Yearly and Semi-yearly Organizational Goals Individual Performance Planning and Follow up Ongoing Management Reviewing Planning Documenting Coaching (as needed) Feedback Monitoring Work plan conversations
Role of the manager/supervisor Based on the cycle and start up activity, what do you see as key roles and responsibilities of the BG manager/supervisor in the performance management process?
Setting Performance Goals Quantitative goals - Focus on results and often involve a numerical measurement. Quality or Behavioral Goals - Focus on the means or methods for achieving a goal.
Setting SMARTS Performance Goals S pecific - help the staff member understand exactly what is expected. M easurable - measurements help the staff member and supervisor understand when the goal is achieved. A chievable - goals should be realistic. R esults Oriented - goals should focus on end results. T ime Bound - deadlines should be identified where applicable. S tretch - some but not all goals should be a challenge to reach.
Team Member Behaviors When Teams Work Best Attributes or behaviors of individual team members as seen by their fellow team members that help the team succeed or interfere with the team’s success. –Openness –Supportiveness –Action Orientation –Positive Personal Style
Team Member Behaviors Openness: The courage to surface and deal with issues you are having with another person or a team. To be willing to have conversations that build strong interpersonal relationships and contribute to teamwork and collaboration. Supportiveness The desire to bring out the best in the other person or the team. To be committed to helping each other succeed.
Team Member Behaviors Action Orientation To make a deliberate effort to make something happen. To suggest courses of action, to be willing to experiment or try something different. Positive Personal Style To be positive, energetic, optimistic, engaging, confident and fun to work with.
Practice Setting Performance Goals Individual Task: Think of a person you want to set goals for, one of the staff members you supervise. Avoid using your most difficult case. Use the business plan (one objective and action plan) and write two goals for the person you selected: one goal related to the business plan and the other to a behavior. Write each goal on the cards provided.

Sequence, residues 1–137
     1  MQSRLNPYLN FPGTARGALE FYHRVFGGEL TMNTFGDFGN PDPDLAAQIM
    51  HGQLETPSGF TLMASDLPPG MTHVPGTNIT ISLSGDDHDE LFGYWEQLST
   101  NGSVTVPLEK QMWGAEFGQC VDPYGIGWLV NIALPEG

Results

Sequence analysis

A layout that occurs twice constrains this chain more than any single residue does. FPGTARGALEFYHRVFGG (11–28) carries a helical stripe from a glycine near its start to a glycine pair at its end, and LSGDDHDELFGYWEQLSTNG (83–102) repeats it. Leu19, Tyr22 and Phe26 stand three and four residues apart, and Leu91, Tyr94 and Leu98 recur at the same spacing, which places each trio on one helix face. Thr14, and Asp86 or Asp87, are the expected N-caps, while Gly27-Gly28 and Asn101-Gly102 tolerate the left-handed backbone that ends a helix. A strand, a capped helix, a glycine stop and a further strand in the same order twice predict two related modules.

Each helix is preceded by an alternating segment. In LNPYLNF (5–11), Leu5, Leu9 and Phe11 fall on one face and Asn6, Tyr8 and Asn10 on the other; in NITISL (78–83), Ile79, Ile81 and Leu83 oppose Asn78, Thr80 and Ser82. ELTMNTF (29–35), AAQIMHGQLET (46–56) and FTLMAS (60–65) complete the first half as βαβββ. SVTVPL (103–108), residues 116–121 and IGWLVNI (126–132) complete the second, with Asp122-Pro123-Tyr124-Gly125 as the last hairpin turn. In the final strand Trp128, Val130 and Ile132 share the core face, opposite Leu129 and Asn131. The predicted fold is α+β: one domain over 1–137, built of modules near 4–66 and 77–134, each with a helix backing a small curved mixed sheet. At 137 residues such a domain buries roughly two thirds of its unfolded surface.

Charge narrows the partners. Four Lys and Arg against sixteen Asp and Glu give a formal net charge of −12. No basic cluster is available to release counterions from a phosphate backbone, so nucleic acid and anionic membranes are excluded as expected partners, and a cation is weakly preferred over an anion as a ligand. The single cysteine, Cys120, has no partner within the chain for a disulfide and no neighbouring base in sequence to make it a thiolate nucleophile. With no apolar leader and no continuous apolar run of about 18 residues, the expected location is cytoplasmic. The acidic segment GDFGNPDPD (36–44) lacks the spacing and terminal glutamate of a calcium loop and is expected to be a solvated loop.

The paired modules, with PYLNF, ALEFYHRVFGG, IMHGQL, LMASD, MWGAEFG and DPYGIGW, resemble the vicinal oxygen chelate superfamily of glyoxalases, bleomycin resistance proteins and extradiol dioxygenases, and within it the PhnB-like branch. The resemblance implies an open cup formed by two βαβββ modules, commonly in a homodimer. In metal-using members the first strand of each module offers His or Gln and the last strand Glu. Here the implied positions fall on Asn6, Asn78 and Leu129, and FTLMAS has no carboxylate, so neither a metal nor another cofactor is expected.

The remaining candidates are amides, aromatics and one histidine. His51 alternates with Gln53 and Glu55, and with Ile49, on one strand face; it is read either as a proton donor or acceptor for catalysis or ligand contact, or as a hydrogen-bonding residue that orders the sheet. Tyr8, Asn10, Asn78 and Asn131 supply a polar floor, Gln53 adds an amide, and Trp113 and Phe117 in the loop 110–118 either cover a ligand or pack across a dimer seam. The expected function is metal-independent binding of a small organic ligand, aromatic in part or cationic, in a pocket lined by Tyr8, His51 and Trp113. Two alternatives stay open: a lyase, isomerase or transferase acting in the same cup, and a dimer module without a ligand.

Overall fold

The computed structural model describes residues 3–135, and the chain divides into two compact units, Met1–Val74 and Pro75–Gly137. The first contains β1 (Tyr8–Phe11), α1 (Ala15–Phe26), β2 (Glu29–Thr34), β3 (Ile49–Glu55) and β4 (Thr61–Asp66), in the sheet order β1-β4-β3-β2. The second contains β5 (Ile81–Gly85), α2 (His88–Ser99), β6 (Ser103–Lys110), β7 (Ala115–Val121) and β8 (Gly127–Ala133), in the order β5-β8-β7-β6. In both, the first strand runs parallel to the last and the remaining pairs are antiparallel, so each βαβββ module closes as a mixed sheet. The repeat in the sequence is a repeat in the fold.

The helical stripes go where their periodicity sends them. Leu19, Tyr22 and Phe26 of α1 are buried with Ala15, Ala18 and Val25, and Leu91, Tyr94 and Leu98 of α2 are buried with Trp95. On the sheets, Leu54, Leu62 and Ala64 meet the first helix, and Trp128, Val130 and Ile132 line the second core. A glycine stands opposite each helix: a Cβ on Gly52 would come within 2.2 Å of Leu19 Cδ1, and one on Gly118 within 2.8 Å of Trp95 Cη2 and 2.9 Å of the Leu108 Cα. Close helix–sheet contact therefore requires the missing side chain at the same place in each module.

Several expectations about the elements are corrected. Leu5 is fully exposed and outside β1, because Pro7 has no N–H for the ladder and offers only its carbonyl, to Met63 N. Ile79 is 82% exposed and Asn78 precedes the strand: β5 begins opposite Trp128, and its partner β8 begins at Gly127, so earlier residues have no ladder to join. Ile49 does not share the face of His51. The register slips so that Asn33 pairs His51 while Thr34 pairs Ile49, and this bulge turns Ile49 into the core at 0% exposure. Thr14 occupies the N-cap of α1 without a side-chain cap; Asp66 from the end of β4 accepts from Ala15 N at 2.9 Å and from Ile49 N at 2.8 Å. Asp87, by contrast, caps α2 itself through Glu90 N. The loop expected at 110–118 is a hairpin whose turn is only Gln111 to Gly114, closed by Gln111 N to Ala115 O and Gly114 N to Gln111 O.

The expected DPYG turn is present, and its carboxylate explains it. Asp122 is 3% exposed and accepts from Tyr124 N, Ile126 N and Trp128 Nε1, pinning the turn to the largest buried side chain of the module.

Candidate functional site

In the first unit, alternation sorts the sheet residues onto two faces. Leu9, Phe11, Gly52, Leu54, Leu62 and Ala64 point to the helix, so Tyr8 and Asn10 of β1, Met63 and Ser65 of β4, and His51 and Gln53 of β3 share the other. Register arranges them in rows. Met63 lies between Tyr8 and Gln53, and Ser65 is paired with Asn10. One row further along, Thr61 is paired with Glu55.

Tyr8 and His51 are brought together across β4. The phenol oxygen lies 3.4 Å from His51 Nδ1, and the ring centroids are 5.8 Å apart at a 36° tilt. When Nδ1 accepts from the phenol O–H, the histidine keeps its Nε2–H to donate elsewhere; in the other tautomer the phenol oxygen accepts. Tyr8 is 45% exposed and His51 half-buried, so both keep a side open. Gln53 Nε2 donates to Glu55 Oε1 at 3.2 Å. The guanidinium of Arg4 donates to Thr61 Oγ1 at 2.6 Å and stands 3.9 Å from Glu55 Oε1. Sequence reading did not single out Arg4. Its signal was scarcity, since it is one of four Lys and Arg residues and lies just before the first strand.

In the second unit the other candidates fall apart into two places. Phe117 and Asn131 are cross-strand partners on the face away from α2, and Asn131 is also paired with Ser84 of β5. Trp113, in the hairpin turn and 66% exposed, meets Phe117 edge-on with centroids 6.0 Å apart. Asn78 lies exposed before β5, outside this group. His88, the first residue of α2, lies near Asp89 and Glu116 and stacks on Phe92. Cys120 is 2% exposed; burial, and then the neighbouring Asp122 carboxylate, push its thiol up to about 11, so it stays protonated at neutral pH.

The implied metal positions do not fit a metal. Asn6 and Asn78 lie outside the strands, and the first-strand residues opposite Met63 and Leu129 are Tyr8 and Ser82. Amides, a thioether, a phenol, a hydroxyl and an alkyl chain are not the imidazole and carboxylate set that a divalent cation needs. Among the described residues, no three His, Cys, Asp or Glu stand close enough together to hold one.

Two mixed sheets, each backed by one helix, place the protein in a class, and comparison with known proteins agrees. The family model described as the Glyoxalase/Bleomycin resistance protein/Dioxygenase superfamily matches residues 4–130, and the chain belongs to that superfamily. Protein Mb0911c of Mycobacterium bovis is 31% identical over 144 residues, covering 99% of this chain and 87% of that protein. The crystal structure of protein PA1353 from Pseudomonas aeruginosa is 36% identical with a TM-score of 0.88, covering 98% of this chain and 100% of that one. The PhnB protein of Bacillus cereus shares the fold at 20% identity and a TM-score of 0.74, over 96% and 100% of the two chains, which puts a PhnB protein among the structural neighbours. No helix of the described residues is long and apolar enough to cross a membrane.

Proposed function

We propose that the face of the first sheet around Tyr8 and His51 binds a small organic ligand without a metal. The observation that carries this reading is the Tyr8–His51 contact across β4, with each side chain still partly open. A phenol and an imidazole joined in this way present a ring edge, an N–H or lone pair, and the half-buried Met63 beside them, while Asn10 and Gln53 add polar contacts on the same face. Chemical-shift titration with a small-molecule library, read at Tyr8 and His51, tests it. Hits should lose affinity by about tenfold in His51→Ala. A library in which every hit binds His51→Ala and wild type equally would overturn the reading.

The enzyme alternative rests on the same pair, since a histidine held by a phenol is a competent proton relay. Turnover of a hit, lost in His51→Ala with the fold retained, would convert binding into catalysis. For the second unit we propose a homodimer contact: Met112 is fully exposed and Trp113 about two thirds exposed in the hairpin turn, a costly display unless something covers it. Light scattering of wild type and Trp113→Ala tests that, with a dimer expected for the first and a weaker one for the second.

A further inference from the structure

Practice Setting Performance Goals In Pairs: Review the goals you wrote and identify one of each you like to present. If needed write each revised goal on a card.
Conducting a Performance Expectations Conversation 1.Set the climate for a two-way conversation 2.Explain that the goals are related both to tasks and to behaviors. 3.Ask the person first whether there are any clarification questions. 4.Identify areas that you and the person agree will be relatively easy for carry out and those that may require support. 5.Set up a timeline for follow-up conversations
Assignment Individual Assignment Using the same person you selected before, write two more performance goals. Prepare for a performance goals conversation, following the model. Expect different reactions to your goals: some openness to one goal, and some questions or challenges regarding the other goals.
Performance Management Managers and Supervisors Training Program
Agenda October 26 Conducting a performance goals conversation Giving feedback Formal conversations and Practice Proposing Improvements in the way that BG Manages Performance
Conducting a Performance Expectations Conversation What are the typical behaviors you may expect from your staff?